Who is our neighbor? What can be done, here, now, in our time? What would we here be pleading and hoping for, if it was our land torn by civil war, and devoid of justice, safety, and access to basic resources? What would we pray, if instead of a future, we could offer our children only conflict, chaos, and despair? How might we become part of the answer to those same prayers rising now from other lips?

Terrifying no risk activities

photo compliments of mxruben @ morguefile.com

photo compliments of mxruben @ morguefile.com

Once upon a time I was very disciplined about my internet use and determined to stay that way. All that connectivity can be pretty disconnecting. What is perfectly clear outside of the fray is obliterated by the noise within it.

Except that’s not what it says when it’s calling your name. When it’s whispering: Library! Post office! Your place of belonging! Your chance!  (At least that’s what it murmurs to me.)

A friend of mine leaves her computer at work, schedules on-line times, and stays off-line for much of the day. That she is following the plan I used to have grates. I console myself with the fact she owns a phone. She might not write from it, but surely, she is trapped by the need to check? Again and again? I should not find comfort in imagining this to be true.

For weeks and weeks, and possibly a few weeks before that, I have been planning to make a  plan. Libraries are wonderful. They exist with closing hours. Mail service faster and cheaper than the pony express is great. But a  breathless check every hour or so to see if any more ponies are standing at the gate takes away from the sacredness of here and now. There’s plenty of water and grass in the pasture; their needs are not urgent. Brushing and re-brushing old ponies when the pony I’m waiting for fails to appear might not make the pony come faster. (This is a theory I’m considering. Superstition dies hard.)

The thought of planning to make a plan feels good. I know because of all these weeks riding the waves of good feelings.  Actually making a plan does not feel good, it feels alarming. It feels like I’ve gotten involved with a bad idea. I have to picture my friend obsessing on her phone in the middle of the night in order to calm down.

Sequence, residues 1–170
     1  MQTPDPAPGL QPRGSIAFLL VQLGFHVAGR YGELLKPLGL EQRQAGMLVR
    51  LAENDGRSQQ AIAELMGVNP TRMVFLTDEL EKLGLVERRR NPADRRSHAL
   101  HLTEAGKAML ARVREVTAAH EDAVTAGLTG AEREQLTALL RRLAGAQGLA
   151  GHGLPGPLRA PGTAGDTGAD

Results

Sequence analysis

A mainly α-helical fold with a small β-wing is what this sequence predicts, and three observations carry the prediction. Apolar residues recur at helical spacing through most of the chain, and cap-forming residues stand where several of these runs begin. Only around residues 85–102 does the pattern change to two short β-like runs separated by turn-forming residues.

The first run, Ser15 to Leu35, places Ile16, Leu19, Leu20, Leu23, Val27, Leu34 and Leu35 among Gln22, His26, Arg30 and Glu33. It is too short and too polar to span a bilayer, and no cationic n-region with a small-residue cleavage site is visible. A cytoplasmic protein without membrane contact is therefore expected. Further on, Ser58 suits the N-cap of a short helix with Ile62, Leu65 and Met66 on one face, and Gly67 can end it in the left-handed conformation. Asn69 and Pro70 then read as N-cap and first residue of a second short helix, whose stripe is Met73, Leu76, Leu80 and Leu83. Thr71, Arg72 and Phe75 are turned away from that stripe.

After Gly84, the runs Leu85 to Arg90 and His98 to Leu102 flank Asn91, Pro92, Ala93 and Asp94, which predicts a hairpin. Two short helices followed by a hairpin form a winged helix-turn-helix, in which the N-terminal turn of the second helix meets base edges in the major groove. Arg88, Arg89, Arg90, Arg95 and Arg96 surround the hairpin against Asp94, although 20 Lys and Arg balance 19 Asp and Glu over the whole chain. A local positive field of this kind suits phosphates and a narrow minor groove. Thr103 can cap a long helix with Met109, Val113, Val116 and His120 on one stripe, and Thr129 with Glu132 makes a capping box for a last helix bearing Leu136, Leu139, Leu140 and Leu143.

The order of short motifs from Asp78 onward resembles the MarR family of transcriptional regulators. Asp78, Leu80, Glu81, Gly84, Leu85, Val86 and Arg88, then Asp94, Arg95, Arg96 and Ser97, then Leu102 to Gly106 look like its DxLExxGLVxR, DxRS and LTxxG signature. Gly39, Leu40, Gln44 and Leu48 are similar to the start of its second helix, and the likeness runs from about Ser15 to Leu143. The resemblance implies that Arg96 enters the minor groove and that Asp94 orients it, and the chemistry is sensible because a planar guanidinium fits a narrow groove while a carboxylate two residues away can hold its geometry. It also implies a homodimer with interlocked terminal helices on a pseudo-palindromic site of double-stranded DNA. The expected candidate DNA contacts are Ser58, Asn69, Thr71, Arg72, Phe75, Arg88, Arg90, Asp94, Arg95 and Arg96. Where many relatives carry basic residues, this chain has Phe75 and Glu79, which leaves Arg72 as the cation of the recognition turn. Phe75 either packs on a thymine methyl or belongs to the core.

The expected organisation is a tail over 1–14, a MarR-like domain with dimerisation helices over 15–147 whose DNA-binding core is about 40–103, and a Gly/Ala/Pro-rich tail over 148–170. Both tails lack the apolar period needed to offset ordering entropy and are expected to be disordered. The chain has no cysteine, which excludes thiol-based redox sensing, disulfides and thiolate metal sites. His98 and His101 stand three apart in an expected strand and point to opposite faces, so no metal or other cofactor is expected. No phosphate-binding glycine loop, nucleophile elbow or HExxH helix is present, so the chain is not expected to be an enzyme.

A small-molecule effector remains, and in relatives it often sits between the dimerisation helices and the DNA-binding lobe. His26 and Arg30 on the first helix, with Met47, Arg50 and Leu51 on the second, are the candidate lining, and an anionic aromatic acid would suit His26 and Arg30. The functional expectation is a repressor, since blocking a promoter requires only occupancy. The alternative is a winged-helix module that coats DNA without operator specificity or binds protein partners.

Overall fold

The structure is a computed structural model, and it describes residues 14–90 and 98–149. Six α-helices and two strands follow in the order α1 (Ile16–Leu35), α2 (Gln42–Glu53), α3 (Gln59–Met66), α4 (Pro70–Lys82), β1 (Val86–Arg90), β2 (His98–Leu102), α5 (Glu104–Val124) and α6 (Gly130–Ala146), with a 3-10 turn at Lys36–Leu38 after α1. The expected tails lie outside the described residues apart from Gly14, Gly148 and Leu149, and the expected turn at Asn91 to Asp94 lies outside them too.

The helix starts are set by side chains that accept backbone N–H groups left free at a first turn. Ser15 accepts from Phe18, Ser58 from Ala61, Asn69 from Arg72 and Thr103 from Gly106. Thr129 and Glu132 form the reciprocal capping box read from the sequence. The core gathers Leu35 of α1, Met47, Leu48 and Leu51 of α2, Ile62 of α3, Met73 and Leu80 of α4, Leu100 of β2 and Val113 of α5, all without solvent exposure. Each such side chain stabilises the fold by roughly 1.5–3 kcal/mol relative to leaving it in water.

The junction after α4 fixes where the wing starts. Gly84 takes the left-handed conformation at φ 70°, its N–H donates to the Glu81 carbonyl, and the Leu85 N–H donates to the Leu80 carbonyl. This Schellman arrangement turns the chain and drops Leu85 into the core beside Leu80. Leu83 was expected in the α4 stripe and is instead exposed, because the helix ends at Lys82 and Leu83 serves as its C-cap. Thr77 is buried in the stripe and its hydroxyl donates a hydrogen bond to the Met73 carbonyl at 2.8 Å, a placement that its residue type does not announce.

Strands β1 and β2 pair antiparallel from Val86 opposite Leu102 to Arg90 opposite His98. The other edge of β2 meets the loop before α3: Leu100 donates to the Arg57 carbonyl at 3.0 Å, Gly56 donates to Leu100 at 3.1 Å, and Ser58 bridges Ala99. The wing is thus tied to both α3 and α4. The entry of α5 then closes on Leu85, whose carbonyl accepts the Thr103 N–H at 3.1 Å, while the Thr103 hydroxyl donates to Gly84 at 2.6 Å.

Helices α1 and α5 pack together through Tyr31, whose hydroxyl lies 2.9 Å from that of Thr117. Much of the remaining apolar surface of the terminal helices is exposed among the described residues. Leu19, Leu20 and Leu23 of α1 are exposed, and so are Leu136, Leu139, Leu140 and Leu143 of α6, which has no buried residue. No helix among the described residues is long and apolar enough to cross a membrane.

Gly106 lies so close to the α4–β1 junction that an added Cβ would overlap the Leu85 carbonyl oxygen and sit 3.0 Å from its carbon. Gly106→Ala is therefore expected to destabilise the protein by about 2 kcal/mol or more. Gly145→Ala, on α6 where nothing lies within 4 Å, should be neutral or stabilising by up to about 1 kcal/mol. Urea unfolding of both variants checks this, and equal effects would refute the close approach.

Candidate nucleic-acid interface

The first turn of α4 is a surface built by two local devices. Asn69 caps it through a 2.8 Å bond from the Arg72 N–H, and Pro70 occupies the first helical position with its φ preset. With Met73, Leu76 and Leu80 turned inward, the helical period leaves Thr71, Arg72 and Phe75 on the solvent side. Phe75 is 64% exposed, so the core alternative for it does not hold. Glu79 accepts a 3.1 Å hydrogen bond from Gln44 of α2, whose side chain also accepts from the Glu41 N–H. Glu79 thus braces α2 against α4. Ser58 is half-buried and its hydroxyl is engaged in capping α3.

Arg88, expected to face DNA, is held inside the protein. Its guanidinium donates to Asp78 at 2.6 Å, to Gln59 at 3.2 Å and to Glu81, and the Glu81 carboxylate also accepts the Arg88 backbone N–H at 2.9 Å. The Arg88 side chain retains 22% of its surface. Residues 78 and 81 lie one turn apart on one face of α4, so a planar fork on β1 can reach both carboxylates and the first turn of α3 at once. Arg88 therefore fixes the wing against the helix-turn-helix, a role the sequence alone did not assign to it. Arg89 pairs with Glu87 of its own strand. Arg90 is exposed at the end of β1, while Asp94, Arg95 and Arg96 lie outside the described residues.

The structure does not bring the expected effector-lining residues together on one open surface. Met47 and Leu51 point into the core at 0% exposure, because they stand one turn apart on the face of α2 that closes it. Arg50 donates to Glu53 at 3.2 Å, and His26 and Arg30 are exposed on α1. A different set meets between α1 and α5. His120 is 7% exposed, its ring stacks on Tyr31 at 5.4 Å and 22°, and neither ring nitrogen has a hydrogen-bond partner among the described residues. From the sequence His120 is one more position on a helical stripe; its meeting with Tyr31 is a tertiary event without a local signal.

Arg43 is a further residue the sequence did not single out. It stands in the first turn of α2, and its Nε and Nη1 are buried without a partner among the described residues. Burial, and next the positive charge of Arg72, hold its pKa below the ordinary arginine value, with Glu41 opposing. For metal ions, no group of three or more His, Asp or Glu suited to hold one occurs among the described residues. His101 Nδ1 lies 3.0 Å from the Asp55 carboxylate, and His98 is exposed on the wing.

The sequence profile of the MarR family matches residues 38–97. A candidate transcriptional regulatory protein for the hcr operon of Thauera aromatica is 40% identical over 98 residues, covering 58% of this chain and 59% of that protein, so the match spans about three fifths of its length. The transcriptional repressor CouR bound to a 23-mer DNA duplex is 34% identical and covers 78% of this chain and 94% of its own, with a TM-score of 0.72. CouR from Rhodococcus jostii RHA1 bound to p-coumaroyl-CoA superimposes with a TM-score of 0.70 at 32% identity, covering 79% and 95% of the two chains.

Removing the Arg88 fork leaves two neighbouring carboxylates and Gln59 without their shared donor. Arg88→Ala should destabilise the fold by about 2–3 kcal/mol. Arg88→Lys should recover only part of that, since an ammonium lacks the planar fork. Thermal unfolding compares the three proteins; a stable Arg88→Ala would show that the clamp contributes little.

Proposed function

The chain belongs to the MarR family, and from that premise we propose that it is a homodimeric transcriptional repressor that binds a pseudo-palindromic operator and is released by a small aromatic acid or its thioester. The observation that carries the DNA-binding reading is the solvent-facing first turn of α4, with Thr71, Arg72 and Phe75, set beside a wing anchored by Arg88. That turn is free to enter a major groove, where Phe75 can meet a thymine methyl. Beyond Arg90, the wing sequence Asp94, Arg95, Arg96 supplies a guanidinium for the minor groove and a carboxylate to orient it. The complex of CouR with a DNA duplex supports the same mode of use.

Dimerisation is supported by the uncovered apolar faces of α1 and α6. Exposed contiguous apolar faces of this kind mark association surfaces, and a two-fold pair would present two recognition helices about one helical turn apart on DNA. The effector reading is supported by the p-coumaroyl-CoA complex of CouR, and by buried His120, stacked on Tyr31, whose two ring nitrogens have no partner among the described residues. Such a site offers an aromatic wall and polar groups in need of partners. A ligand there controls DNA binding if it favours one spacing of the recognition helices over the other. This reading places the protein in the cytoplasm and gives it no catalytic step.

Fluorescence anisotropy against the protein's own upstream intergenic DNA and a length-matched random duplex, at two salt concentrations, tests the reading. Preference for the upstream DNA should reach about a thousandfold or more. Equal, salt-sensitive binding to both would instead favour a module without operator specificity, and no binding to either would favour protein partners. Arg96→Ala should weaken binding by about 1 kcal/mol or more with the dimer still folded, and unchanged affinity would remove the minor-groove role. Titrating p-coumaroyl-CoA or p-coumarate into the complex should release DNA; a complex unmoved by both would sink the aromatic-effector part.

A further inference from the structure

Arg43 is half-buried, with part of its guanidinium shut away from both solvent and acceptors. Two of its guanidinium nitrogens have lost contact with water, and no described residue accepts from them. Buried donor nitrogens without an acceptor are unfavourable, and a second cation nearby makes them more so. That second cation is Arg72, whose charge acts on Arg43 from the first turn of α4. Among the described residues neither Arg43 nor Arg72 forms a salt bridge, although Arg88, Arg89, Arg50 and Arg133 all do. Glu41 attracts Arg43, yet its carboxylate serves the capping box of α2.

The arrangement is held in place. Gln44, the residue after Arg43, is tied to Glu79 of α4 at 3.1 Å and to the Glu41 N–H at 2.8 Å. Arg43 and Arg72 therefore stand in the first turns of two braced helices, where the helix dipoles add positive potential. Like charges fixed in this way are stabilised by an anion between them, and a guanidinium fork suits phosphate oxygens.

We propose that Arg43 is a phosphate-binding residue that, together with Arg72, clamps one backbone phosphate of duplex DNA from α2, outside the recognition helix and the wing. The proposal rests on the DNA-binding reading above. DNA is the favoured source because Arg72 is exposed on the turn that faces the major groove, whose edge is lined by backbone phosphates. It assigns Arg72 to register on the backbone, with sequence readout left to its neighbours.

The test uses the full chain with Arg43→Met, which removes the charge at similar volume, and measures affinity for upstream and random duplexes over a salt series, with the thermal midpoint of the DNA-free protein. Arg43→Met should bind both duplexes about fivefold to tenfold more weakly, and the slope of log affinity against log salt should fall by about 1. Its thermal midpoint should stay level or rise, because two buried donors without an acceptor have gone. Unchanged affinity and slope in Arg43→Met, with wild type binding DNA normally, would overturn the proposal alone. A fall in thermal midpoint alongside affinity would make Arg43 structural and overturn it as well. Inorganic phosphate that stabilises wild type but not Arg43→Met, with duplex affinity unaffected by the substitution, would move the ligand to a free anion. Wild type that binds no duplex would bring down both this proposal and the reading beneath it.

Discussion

Long term commitment is too intimidating. While waiting for the strength to enact accountable reform, I’ve been experimenting here and there. Used pen and paper. Unplugged the internet connection from the wall. Gone places to write that don’t have internet.

I relay the following results slowly because the implications agitate me.

I. really. really. like. how. those. spaces. feel. How the work goes. I. even. like. me. afterwards.

The happiness I feel away from the internet does not seem to diminish the panic I feel about expanding the experiment this week. I have limited the exercise to five days, two and a half of which I’m committed to communal activities all day long and therefore unable to access my computer anyway. It’s not a bold plan; it’s what I can manage. Five days. One hour of internet per day, used in no more than two blocks. Or three. The end. After that I go back to whatever lopsided unbalanced illogical rhythm I want. Plus there is steak, cake, and asparagus. By Tuesday, the list may have expanded to include chocolate covered almonds and a shrimp ring. Illicit drugs have never appealed. By Thursday, that may have changed.